NEW YORK, Feb. 20, 2019  – “Public Figure” is a documentary that investigates the lives of influencers from around the world as well as the psychological and addictive effects of social media in society.  Produced and directed by New York documentary filmmaker Brian Corso, “Public Figure” features social media influencers and public figures around the world, by looking into their everyday lives and how they deal with fame, money, hate and obsession. “Public Figure” will premiere at the much-touted Manchester United Kingdom Film Festival on Saturday, March 9, 2019.

Mr. Corso adroitly chronicles the evolution of social media influencers and how they’ve converted the often mundane into bona fide riches by sharing their experiences with their hordes of followers on Instagram, Snapchat and other online platforms. The film follows famous Canadian fitness expert Gregory O’Gallagher, Australian lifestyle blogger Emma Rose, adventure travel photographer Emmert Sparling, food and travel bloggers Greg and Rebecca Remmy, Chicago-born Instagram comedian Donterio Hundon, New York comedian Sebastian Tribbe, and Bonang Matheba who, with 3 million online followers, established a social media mini-dynasty from her home in South Africa.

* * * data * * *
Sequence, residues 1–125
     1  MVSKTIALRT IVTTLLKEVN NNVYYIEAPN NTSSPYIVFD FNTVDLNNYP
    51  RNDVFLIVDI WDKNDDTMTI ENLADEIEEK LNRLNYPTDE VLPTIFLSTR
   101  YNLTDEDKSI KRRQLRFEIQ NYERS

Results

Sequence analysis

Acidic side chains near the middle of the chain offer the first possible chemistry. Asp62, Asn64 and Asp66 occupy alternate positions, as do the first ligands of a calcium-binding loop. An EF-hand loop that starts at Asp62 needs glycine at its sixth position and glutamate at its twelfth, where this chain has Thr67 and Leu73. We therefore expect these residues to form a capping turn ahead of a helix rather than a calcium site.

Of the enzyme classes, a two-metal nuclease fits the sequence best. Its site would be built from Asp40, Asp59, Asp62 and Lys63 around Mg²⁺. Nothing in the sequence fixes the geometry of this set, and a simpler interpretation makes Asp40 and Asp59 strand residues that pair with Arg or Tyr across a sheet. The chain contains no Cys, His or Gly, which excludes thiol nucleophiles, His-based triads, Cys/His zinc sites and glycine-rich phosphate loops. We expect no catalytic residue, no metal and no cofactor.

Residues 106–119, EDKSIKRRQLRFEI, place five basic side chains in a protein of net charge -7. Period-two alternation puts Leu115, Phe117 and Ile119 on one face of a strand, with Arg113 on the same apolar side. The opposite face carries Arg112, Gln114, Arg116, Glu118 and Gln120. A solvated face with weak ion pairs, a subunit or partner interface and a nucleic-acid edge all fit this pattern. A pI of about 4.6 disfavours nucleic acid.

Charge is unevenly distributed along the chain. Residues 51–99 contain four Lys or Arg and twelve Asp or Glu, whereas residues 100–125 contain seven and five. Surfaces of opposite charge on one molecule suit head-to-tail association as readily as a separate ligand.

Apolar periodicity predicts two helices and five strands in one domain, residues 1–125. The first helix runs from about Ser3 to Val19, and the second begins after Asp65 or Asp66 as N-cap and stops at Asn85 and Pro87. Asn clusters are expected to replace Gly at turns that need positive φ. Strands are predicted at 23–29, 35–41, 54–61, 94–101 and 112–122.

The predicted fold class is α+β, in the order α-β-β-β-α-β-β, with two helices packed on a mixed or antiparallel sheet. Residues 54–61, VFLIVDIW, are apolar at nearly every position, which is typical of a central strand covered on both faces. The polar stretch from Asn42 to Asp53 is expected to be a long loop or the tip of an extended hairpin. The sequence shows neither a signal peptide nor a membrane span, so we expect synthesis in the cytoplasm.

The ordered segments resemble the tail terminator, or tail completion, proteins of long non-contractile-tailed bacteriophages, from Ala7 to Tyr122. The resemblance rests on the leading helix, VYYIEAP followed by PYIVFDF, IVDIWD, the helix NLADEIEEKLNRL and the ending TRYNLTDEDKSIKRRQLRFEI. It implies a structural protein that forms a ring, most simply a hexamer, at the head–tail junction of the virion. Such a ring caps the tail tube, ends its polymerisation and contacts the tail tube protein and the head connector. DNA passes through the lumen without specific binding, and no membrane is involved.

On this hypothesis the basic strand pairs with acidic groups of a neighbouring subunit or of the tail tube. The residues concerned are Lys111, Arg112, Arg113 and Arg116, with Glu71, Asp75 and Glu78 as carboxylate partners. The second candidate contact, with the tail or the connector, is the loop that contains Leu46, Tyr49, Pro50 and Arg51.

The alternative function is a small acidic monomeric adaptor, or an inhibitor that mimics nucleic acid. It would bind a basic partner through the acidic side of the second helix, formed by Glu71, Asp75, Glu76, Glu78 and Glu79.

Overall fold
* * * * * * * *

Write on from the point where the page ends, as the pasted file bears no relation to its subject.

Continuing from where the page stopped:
Yet the film took a dramatic turn when “Public Figure” executive producer Kameron Ramirez suggested the team talk to a number of psychologists about the impact of social media on society, and on its users. Upon consulting noted New York psychotherapist Harris Stratyner, Ph.D. (who appears in the film), the film saw a seismic shift in direction. “We realized then that this film is really going somewhere else,” Mr. Corso explains.

The ‘somewhere else’ probes the psychological impact of both influencers and their followers spending countless hours obsessed with the tally of ‘Likes’ and positive feedback generated following every posting on social media platforms.

We learn that it’s not uncommon for influencers to wake up in the wee hours to check the level of success of the previous evening’s social media posts. The meme lifestyle can be lucrative, yes, but it also comes at a cost: “Public Figure” examines the addictive nature of social media, the fervor to generate attention online, the pursuit of sponsorships and remuneration, and the ‘rinse and repeat’ nature of the social media lifestyle. All of this, the film observes, at the expense of cultivating offline relationships outside the reach of the smartphone, tablet and laptop.

View the “Public Figure” trailer here: